- Instagram / thejerkshacksatx
- A line out of the door at West-side star The Jerk Shack was a pre-COVID fixture.
Interviews with a half dozen Alamo City restaurant owners this afternoon revealed a range of mixed feelings about the plan to allow businesses to resume operations as early as Friday.
”I don’t want to put my staff or guests at risk, to be guinea pigs," said Rebel Mariposa, chef-owner of La Botanica on the St. Mary’s Strip.
Even before Abbott's announcement, Mariposa was considering closing for a two-week hiatus to avoid a projected surge in COVID-19 cases. After today's announcement, that possibility has grown in appeal. "If testing were more readily available in our area, I’d feel differently."
“I know a lot of businesses are hurting, but the main concern is always safety before money," said Tatu Herrera, owner of Folklores Coffee House. "We’re training our staff in new service implementations now, in preparation of re-opening, and making internal changes to ensure our guests feel comfortable. … We want our customers to know we’re doing our part.”
- Instagram / folklores_coffee_house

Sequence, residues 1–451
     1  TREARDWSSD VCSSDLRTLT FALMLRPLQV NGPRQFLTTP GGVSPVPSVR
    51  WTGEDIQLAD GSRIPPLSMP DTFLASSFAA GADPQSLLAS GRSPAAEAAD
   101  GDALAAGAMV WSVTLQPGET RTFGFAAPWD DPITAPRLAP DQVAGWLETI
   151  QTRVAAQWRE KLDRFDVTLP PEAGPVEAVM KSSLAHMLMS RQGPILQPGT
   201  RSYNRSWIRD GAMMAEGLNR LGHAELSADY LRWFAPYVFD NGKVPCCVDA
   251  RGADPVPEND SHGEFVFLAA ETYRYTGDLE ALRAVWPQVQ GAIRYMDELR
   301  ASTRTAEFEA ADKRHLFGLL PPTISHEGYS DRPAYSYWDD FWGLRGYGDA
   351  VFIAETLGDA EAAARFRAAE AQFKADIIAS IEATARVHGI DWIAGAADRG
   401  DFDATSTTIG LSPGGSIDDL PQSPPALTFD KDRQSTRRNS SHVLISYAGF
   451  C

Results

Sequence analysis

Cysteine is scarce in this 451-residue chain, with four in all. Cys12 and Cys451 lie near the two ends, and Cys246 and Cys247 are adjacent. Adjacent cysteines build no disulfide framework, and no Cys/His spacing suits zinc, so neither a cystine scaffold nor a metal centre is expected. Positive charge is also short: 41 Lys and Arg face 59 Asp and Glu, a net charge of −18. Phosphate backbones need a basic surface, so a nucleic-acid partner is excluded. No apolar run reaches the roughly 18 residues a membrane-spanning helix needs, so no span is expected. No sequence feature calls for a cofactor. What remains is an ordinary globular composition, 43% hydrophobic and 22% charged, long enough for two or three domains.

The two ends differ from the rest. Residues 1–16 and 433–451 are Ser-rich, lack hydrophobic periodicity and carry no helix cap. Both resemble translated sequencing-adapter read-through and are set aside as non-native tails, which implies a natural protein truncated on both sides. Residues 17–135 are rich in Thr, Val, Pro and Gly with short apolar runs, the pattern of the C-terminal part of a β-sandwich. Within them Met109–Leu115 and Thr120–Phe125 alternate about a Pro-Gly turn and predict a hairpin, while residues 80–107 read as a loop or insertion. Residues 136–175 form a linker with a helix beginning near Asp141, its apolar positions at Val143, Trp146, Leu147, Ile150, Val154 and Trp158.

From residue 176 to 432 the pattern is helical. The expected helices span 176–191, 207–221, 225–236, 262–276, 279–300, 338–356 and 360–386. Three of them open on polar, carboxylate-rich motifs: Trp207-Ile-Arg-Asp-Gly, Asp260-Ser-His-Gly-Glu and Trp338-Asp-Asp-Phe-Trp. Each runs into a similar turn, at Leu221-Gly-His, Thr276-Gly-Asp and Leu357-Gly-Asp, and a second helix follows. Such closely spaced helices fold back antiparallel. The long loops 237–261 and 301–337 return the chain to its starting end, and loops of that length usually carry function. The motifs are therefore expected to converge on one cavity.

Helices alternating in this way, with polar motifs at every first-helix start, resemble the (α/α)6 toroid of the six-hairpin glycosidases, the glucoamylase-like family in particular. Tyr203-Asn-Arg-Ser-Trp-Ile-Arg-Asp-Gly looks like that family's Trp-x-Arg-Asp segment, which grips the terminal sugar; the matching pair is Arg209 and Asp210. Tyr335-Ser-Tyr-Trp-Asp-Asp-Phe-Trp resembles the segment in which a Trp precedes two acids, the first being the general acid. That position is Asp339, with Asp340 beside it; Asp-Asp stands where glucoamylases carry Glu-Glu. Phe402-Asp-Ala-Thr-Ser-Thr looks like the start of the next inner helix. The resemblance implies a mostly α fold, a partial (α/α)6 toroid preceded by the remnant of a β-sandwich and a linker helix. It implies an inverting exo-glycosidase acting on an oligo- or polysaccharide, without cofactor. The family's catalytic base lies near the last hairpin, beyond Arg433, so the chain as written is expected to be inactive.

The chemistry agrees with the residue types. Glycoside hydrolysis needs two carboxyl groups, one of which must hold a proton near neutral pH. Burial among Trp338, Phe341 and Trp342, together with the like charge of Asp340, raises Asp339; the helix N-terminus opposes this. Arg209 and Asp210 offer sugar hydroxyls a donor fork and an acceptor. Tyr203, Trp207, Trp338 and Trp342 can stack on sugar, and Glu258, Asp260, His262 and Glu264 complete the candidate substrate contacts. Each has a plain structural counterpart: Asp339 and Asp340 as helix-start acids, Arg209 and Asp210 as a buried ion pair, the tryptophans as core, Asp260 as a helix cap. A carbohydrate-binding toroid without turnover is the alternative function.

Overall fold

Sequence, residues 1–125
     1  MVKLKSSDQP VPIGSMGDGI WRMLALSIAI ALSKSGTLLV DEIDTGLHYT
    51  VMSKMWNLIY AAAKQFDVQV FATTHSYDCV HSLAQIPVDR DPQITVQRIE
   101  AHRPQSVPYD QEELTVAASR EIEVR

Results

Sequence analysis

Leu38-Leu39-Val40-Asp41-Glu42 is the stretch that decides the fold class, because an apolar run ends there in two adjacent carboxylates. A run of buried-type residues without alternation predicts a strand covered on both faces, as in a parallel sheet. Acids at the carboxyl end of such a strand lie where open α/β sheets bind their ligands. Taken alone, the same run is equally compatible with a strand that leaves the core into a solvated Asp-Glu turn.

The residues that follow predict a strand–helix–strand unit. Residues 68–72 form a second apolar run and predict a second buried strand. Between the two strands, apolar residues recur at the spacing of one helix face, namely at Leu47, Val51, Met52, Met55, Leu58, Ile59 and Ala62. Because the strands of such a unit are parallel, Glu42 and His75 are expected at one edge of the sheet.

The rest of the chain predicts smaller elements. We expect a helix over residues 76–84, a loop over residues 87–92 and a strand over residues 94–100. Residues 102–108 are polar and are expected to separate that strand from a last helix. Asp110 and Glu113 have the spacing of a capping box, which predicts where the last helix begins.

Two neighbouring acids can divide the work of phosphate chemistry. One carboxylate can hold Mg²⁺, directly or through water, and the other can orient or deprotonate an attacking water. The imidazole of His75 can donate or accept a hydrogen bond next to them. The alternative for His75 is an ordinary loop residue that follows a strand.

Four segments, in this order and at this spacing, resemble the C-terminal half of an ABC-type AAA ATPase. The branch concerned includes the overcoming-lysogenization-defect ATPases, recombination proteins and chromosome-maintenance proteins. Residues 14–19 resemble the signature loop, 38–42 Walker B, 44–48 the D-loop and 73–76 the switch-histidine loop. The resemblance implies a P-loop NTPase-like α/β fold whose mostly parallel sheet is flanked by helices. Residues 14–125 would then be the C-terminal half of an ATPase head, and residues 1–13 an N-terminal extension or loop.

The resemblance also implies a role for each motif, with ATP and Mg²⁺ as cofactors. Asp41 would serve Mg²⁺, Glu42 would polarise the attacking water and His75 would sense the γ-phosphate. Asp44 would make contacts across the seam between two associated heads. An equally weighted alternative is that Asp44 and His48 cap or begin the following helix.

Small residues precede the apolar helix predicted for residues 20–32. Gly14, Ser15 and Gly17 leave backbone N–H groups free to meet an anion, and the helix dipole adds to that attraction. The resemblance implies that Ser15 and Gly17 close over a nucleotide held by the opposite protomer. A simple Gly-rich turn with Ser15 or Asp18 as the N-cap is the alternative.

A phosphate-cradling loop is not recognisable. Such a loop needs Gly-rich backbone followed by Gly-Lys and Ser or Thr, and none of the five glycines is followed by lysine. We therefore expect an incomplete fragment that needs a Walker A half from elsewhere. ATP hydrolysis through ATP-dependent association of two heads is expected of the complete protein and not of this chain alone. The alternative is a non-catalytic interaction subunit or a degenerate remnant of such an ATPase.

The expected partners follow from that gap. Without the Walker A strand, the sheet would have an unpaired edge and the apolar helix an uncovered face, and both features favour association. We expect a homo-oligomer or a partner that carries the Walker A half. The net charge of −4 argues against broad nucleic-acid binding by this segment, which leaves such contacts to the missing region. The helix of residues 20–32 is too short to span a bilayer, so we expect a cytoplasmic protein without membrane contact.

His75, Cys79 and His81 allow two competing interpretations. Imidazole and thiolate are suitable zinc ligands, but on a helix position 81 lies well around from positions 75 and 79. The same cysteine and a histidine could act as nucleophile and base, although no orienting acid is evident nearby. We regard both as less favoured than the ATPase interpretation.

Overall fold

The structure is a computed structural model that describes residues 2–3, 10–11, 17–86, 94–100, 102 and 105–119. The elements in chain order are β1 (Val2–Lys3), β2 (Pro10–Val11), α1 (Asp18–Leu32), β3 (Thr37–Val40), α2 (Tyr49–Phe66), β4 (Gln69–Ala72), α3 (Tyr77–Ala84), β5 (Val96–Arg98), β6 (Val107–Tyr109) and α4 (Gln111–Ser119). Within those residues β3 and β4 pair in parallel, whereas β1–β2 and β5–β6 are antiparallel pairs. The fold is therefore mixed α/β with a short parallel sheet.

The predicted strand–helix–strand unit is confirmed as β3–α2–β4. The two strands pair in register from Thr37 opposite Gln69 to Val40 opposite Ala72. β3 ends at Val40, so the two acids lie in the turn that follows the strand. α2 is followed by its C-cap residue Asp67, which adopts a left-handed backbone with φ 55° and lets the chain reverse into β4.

- Owners Tatu and Emilie Herrera have been providing the elderly with food since the shutdown of their Eastside shop.
Though Abbott mentioned the importance of entrepreneurs to the Texas economy, other businesses such as hair and nail salons, barbershops, bars and gyms remain unable to reopen.
"[There are] two sides to this coin," said chef Stefan Bowers of PlayLand Pizza, Battalion and Rebelle at the St. Anthony Hotel.
"First is that those who received the [federal job guarantee] loan should be okay through the month of June ... [but] businesses that didn’t receive assistance are drowning. There’s really no correct answer. Everyone is at a different depth."
So many restaurants, so little time. Find out the latest San Antonio dining news with our Flavor Friday Newsletter.